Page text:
Arriving at the campsite by early afternoon, we will spend the rest of the afternoon organizing the camp and kitchen, digging a latrine, and setting up the water system. The next six days will involve four days of work with two days off dedicated to resting and exploring this scenic area. Destinations include spectacular alpine lakes and perhaps a nearby peak.

After a final celebratory night, we’ll break camp and hike back to civilization on Saturday morning, August 9th, arriving dirtier and more spirited than when we left. Although the trip officially ends at the trailhead, everyone is encouraged to share dinner at the famous Terminal Gravity Brewpub in the town of Enterprise to mark the finish to our shared wilderness adventure. 

Photos

Details

Getting There

The Eagle Cap Wilderness is about five hours east of Portland, Oregon, four hours south of Spokane, Washington, four hours northwest of Boise, Idaho, and about four hours south of Lewiston, Idaho, all of which are served by commercial airlines.

From all these locations, you can easily drive to La Grande via I-84 before proceeding east on HWY 82. Driving directions and trip rosters (to coordinate carpooling) will be provided. 

Accommodations and Food

Come with the attitude that food is part of the adventure. Food is plentiful, tasty, and healthy. We provide nutritious, vegetarian-friendly meals with a small amount of meat, along with dairy and soy products for additional protein. Participants contribute to food preparation in a backcountry kitchen without refrigeration. Before applying for the trip, people with food allergies, strong food preferences, or serious medical conditions must contact the leader and cook to explore possible accommodations. Food and personal items, including toothpaste, are stored overnight away from camp to safeguard against animals.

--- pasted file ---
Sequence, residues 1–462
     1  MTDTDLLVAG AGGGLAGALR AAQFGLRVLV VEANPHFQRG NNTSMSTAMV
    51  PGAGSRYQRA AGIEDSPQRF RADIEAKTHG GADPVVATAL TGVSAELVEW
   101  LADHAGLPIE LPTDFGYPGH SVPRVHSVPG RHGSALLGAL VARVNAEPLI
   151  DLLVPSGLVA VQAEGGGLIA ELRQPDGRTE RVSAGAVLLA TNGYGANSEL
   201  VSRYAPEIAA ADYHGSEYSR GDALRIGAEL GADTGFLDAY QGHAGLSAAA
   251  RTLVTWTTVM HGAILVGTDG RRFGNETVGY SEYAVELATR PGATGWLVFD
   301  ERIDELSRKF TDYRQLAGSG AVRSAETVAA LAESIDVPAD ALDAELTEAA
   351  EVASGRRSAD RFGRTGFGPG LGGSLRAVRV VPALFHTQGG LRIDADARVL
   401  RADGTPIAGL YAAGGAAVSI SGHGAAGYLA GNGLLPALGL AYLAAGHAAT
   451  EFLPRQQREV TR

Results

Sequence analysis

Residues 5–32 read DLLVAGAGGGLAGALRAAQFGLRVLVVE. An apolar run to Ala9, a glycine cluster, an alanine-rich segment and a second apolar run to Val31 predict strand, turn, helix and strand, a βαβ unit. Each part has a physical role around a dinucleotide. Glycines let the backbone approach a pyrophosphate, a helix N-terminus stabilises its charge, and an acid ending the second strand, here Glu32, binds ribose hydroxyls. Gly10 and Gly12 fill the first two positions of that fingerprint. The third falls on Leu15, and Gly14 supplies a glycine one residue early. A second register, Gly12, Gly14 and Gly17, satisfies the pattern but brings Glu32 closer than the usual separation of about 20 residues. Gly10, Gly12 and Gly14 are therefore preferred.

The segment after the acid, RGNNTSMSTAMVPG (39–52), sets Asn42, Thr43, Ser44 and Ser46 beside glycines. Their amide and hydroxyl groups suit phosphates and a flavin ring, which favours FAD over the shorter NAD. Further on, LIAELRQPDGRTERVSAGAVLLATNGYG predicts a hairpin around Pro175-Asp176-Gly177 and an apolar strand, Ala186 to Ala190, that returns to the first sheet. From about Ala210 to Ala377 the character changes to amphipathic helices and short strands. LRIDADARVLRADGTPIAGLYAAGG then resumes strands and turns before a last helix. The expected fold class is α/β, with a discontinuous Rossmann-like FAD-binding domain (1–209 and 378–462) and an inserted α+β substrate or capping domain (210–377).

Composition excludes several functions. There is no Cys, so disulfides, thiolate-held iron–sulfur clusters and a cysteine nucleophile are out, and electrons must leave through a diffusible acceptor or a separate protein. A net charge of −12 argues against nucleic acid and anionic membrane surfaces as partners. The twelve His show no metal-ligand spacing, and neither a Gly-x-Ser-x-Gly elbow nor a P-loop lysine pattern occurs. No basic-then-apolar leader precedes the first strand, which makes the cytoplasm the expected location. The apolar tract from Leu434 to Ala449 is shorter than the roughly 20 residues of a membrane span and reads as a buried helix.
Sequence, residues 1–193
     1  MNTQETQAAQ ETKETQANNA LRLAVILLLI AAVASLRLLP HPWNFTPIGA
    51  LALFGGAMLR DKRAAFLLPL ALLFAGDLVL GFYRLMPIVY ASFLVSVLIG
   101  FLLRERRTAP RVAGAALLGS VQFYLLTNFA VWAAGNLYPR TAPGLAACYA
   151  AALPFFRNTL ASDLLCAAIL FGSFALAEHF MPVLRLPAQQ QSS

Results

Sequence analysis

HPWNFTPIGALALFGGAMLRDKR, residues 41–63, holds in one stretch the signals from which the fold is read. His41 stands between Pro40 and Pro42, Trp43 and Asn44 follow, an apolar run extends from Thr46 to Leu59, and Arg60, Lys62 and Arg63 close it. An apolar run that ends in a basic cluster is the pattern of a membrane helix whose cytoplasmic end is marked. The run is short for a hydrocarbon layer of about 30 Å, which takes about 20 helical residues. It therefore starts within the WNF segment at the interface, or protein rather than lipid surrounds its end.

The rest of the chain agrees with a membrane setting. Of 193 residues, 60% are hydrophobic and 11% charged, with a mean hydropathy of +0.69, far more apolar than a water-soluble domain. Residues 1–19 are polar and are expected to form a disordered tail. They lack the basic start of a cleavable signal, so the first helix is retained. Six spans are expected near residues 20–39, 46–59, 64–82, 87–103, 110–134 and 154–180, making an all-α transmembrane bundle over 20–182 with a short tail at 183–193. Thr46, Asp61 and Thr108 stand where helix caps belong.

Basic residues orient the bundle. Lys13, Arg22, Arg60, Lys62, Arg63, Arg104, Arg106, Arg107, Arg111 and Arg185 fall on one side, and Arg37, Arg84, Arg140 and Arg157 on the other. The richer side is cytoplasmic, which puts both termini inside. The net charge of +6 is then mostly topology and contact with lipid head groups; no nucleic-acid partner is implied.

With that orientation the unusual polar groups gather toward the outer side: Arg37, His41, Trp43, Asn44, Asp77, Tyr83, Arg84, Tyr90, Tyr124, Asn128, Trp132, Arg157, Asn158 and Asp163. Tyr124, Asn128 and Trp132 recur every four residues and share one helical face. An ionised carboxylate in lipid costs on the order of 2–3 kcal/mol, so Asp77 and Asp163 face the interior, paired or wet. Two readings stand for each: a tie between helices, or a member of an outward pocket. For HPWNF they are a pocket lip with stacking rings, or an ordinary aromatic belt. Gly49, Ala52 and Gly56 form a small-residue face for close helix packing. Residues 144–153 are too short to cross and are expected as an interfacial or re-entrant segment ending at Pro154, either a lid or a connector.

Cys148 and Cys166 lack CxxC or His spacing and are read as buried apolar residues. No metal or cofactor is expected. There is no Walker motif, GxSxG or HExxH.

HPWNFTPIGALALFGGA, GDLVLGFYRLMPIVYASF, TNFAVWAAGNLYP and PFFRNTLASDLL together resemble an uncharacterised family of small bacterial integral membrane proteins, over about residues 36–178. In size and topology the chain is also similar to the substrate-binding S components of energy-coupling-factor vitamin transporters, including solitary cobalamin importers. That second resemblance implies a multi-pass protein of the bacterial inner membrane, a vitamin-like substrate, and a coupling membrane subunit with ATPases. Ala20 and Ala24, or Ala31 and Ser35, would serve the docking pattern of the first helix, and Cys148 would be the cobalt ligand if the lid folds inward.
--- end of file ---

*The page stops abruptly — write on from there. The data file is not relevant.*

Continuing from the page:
Trip Difficulty

The hike into our base camp is considered moderate. Participants should have had some past experience in hiking, camping, and backpacking and be in good physical shape. Most of the trail work will be strenuous and performed above 6,000 feet. Other than possibly climbing the Eagle Cap Peak (9,572 feet elevation), we will not experience altitudes much above 7,500 feet. While this isn’t high enough to cause problems for the average person, the air is definitely a little thinner and your body will be working a little harder. Our trail work will tax our muscles, particularly for those of us who hold more sedentary jobs. Therefore, we recommend including both cardiovascular and muscular workouts in your training. Regular bicycling, hiking, swimming, and backpacking are some of the best ways to prepare. To make sure your trip is both safe and fun, prepare! 

Equipment and Clothing

In addition to your backpacking gear, bring at least one pair of leather work gloves and a day pack to carry lunch, water, work gloves, rain gear, sunscreen, and other personal items to the work site. Food and cooking equipment are provided as well a first-aid kit for emergencies. There will be purified water available for camp and commissary use, but you will need to bring water purification equipment for personal use when away from camp.  A final detailed equipment list will be provided to you at a later time.

References

Maps: